Healers rushed toward him as the referee called the match. I grabbed Lee’s and Cal’s hands and pulled them away from the ring. The healers would take him to their tent, given how hard he hit the ground. I wanted to be there before they let him go. We had an easier time getting out of the crowd. People eagerly shifted to fill the space we once occupied.
“Is he our guy?” Lee asked once we cleared the audience.
“Definitely,” I said, picking up speed as I headed for the healers’ tent.
“Casper, shouldn’t we have a plan?” Cal asked.
“I’ve got one,” I said.
“Care to share?” he asked.
“Kill him,” I said.
“What?” Lee asked.
“No specifics?” Cal asked.
“Make it hurt. Is that specific enough?”
“I get that this guy is dangerous, but is killing him really the best plan?” Lee asked.
“We at least need to question him first. We don’t know that he worked alone,” Cal argued. That brought me up short. “I mean, he just lost on an amateur night. That doesn’t scream evil mastermind.”
“Fine,” I relented. Lee sighed, and Cal nodded. “We still need to be there before they fix him up. I’m taking that power from him now.”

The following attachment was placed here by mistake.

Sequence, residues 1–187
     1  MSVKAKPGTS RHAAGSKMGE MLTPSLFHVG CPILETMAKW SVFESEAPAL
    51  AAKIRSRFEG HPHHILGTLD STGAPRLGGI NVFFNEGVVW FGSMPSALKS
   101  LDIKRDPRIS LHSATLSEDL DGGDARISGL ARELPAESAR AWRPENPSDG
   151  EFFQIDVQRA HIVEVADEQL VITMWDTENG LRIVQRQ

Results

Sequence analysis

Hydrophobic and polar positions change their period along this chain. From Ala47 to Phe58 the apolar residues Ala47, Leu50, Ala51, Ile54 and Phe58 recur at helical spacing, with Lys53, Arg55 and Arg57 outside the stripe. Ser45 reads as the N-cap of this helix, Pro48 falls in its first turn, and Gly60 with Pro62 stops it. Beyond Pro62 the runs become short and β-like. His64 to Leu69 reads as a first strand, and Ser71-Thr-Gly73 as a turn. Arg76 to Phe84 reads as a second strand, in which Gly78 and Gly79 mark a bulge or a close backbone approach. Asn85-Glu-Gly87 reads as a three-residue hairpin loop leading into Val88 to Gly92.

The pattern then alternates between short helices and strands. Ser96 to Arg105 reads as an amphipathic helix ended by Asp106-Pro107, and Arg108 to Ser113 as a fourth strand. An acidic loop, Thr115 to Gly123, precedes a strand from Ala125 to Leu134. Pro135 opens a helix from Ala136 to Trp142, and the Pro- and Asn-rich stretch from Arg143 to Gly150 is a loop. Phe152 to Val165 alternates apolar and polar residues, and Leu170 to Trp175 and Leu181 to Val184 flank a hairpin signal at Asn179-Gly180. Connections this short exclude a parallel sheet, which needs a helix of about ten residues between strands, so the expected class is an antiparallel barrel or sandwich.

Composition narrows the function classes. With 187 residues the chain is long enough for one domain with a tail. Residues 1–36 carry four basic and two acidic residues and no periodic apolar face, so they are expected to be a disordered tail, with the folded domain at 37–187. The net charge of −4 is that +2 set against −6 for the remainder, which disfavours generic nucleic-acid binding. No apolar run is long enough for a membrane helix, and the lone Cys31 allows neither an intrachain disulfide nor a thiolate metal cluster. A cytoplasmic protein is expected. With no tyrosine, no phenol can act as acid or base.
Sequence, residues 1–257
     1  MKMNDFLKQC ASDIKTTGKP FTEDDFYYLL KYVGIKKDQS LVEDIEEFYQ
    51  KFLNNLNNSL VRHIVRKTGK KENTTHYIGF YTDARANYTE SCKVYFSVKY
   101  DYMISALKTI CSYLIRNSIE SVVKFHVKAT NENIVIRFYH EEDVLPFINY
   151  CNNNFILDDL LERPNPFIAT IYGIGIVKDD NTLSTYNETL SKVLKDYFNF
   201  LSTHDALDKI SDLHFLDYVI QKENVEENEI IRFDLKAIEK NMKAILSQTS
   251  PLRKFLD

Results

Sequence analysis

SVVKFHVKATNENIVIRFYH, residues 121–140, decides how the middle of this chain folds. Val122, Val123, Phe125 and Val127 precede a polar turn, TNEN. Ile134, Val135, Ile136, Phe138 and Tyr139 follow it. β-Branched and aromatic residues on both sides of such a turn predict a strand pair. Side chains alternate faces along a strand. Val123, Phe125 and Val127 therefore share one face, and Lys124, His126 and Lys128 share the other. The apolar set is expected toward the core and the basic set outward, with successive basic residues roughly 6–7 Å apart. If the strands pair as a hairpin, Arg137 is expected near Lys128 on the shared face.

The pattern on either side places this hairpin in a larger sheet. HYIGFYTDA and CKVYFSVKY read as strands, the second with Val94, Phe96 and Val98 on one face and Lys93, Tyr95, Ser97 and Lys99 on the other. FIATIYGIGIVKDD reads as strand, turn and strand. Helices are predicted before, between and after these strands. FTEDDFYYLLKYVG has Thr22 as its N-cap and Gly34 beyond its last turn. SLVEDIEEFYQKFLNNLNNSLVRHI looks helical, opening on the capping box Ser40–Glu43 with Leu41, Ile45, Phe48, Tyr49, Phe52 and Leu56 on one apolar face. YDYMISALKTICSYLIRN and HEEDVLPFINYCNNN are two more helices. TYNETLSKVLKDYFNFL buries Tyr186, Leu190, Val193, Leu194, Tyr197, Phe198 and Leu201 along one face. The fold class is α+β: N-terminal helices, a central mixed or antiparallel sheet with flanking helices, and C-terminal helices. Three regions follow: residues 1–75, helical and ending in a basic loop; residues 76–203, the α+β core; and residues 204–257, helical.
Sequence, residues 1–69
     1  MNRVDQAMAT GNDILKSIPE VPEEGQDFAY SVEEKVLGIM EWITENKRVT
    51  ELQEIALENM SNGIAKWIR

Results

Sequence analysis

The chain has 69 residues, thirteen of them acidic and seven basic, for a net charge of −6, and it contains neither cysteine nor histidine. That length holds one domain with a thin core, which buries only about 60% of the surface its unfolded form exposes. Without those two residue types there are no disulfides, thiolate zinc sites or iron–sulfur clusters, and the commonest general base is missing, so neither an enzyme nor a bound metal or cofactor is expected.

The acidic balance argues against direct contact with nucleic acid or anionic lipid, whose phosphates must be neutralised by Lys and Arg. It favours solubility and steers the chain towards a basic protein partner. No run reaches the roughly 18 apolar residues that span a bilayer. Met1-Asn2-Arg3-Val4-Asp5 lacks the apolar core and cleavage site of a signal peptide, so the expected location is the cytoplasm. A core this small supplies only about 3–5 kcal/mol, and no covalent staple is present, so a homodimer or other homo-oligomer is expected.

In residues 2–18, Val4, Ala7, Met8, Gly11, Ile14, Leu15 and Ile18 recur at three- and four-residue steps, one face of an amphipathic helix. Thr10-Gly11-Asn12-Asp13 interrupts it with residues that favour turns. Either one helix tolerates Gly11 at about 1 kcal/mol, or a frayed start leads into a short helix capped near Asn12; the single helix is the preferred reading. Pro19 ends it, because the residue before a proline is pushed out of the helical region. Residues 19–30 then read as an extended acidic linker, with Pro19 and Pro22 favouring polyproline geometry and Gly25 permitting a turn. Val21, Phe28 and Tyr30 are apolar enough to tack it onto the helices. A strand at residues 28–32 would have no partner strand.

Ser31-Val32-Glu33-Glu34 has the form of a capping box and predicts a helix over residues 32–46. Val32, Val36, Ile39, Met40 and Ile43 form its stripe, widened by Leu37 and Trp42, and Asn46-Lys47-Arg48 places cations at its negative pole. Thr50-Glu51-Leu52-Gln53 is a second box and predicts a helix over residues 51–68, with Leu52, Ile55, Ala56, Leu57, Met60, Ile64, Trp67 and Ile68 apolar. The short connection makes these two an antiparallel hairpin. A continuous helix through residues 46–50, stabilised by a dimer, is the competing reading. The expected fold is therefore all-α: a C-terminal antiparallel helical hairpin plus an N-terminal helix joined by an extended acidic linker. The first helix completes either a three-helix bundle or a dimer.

Two healers stood over the man, casting spells. The security guard stationed at the tent stepped into my path. I didn’t break stride as I cast an imprisonment spell. The guard stepped toward me and hit an invisible wall. I walked around him and stopped at the healers’ table. They stopped chanting until I waved for them to continue. I needed him awake to answer questions. My vision shifted through different magical lenses as I searched the unconscious man for whatever he’d used to contain Peter’s spirit. A green glow came from under his shirt. I pulled the necklace out and took it off him. I felt Peter’s presence as if he stood in the tent with us.
We’d found his spirit. I hoped that between Cal and me, we could release him and put him to rest. The ghost of the broken man at the funeral home flashed through my mind, and I had to hold myself back from hurting the man on the healers’ table. If they’d broken Peter’s mind like that, I’d make this man and anyone he worked with suffer.